This quote comes from Chapter 11 and is set at the New Year's party where Godfrey Cass and Nancy are the subject of fierce speculation regarding their relationship. What is important to note is that this quote comes as Eliot shifts the perspective from her normal authorial, omniscient narrator stance and moves it towards the thoughts and feelings of the common folk who are fortunate enough to be present at this august event. Eliot continues this quote by saying that the sight of some of the senior members of Raveloe dancing together at this party "renewed" the charter of Raveloe. Her explanation of this is important in order to help understand this quote:
It was not thought of as an unbecoming levity for the old and middle-aged people to dance a little before sitting down to cards, but rather as part of their social duties.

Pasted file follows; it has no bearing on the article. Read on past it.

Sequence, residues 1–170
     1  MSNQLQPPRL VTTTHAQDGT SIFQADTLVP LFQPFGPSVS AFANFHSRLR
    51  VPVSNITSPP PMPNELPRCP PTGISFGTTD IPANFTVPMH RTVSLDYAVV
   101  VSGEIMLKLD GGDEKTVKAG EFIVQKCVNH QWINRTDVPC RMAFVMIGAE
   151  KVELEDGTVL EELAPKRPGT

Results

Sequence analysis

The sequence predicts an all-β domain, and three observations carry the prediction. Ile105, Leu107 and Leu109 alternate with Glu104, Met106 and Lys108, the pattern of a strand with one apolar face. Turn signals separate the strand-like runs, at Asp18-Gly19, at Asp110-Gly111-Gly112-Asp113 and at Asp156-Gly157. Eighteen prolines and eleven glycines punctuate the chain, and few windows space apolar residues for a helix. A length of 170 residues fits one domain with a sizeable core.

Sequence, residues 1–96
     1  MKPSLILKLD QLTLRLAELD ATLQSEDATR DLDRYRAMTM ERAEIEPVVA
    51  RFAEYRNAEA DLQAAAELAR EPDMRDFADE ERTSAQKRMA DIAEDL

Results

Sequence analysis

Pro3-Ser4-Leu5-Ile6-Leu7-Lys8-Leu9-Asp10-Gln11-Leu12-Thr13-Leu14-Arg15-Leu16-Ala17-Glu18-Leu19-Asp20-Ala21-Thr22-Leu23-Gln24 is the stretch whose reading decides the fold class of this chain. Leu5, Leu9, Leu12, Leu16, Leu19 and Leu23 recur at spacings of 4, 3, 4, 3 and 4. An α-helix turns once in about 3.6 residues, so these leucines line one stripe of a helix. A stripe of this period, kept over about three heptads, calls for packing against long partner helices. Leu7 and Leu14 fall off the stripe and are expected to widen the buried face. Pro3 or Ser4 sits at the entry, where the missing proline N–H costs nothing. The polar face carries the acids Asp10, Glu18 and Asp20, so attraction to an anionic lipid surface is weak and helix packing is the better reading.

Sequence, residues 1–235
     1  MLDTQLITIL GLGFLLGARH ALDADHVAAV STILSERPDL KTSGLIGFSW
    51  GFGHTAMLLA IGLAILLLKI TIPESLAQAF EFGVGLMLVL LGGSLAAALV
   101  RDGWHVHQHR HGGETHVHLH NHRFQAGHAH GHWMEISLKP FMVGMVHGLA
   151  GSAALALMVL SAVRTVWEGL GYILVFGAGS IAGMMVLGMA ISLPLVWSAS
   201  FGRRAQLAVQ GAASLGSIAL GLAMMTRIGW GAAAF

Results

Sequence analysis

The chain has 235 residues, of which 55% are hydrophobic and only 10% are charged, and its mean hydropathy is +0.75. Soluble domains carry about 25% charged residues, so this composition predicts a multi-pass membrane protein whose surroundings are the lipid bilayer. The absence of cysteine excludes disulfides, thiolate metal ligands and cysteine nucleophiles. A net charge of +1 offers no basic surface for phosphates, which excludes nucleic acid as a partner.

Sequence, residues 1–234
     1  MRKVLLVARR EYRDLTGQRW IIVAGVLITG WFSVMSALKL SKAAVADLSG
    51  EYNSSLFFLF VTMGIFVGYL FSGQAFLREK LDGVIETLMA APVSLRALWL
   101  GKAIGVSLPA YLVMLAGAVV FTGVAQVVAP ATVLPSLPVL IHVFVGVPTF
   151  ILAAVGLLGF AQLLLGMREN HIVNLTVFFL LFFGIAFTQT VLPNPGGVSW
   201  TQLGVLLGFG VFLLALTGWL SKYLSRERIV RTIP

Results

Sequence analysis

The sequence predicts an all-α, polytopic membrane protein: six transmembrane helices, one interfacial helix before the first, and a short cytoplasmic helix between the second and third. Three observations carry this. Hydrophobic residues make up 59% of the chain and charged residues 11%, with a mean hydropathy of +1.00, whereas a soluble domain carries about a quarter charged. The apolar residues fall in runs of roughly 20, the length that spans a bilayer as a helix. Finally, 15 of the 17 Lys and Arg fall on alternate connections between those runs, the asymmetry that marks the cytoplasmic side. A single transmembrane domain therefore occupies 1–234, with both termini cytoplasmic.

The quote in this question therefore relates to how the Squire and Mrs. Crackenthorp and other important pillars of Raveloe society fulfilled their social duties by leading the way in dancing on this joyful social occasion. The indication that this was what "everybody was used to" shows that Raveloe is a village built on tradition, and this is very important to the sense of identity of this village.